Predicting protein secondary structure
Contents and links
Introduction to secondary structure prediction
Predicting the three-dimensional shape of proteins from their amino acid
sequence is widely believed to be one of the hardest unsolved problems
in molecular biology. It is also of considerable interest to pharmaceutical
companies since a protein's shape generally determines its function as
an enzyme. This is what a protein looks like.
[Muggleton S., King R.D., and Sternberg
M.J.E. (1992)]. The task is to learn rules to identify whether a position
in a protein is in an alpha-helix. Points of relevance are:
Each amino acid is denoted by a lower case character. There are 20 such
Positive examples state which positions of chosen proteins are in an alpha-helix.
Negative examples state the positions that are not in an alpha-helix.
The following background knowledge is provided:
position(A,B,C). Residue of protein A at position B
octf(A,B,C,D,E,F,G,H,I). Arithmetic information that allows indexing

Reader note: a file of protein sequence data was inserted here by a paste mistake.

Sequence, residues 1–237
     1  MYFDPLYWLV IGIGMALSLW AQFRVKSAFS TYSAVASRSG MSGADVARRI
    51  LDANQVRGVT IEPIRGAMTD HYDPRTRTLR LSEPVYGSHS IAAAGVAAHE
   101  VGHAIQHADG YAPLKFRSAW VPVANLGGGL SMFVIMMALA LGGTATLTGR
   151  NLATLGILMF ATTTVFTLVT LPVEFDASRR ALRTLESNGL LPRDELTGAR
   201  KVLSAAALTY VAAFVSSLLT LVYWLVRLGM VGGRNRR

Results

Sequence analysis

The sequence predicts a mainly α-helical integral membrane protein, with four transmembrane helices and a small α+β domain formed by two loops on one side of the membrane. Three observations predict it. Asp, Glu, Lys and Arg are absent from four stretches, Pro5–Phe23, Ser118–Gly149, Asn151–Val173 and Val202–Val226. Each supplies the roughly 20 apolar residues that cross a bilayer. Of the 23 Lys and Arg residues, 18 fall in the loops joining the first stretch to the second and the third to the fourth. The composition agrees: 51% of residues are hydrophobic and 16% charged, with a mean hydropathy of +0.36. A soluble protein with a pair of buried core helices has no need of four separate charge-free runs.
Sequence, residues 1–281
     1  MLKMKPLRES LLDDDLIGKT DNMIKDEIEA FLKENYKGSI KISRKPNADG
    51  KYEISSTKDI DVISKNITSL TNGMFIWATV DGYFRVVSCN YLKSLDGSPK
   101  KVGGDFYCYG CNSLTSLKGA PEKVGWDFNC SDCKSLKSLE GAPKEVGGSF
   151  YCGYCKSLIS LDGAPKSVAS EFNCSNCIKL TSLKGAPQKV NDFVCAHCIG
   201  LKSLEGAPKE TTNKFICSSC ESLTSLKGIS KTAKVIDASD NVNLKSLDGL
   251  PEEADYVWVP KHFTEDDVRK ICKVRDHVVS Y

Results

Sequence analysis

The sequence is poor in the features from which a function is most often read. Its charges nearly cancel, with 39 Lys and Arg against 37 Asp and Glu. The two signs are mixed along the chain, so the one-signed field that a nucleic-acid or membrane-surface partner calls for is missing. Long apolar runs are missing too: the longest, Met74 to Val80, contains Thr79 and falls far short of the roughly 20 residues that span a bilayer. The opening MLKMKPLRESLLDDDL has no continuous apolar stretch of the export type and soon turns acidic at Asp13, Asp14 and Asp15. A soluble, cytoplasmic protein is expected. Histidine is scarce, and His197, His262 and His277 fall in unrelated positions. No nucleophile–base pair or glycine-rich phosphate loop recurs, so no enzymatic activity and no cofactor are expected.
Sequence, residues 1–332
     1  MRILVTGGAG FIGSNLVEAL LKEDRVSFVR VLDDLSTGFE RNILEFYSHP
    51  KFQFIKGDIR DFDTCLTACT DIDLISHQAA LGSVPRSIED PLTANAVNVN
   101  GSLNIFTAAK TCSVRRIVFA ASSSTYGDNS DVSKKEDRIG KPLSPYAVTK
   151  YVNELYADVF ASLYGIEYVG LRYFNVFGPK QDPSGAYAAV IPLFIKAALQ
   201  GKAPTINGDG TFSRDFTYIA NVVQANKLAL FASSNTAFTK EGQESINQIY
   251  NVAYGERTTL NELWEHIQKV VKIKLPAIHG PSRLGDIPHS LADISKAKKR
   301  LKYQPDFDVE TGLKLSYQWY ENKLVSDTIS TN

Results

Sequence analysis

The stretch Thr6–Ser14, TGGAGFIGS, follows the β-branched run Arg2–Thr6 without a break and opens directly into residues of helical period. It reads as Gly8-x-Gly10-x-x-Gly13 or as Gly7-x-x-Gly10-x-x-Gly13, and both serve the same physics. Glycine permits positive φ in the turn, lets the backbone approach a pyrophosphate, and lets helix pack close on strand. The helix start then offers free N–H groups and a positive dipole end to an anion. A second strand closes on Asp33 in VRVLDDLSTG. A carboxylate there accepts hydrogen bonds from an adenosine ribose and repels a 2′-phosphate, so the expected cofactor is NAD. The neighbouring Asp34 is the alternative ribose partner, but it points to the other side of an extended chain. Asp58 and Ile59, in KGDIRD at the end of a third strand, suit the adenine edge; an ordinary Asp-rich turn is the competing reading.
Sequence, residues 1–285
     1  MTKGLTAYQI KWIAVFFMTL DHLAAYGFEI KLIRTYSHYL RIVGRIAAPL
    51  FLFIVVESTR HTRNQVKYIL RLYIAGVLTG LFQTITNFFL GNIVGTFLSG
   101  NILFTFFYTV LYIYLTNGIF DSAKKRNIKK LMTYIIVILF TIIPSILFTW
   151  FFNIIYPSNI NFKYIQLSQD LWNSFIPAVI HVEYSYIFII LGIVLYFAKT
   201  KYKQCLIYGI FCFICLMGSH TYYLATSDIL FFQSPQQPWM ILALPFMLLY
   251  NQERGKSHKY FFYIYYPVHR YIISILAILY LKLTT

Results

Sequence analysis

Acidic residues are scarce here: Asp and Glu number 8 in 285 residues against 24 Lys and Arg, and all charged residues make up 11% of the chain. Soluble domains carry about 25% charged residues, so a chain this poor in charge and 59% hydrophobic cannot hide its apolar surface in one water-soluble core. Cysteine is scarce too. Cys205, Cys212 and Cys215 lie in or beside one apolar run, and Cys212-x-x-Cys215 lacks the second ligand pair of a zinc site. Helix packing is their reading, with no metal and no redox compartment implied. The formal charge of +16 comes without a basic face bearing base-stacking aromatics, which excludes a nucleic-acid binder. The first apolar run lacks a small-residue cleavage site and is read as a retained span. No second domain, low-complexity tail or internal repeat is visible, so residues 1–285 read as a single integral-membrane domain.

groups of nine adjacent positions in a protein. Basically says positions
A--I occur in sequence.
alpha_triplet(A,B,C). Arithmetic information that allows indexing
groups of three adjacent positions in a protein.
alpha_pair(A,B). Arithmetic information that allows indexing a
pair of adjacent positions in a protein.
alpha_pair4(A,B). Arithmetic information that allows indexing
a pair of positions separated by 4 positions in a protein.
Physical and chemical properties of individual residues are described by
unary predicates. These properties include hydrophobicity, hydrophilicity,
charge, size, polarity, whether a residue is aliphatic or aromatic, whether
it is a hydrogen donor or acceptor etc.
Sizes, hydrophobicities, polarities etc., are represented by constants
such as polar0 and polar1.
Relations between the constants (less_than(polar0,polar1)) is
also provided as background knowledge.
The Golem dataset
The data files we provide are as used in the original Golem experiments,
and are downloadable as one
compressed TAR file. Within this file, background knowledge files have
a ``.b'' suffix, positive example files have a ``.f'' suffix, and negative
example files have a ``.n'' suffix.
Muggleton S., King R.D., and Sternberg M.J.E. (1992).
Predicting protein secondary structure using inductive logic programming.
in Protein Engineering, 5:647--657.
Up to applications main page.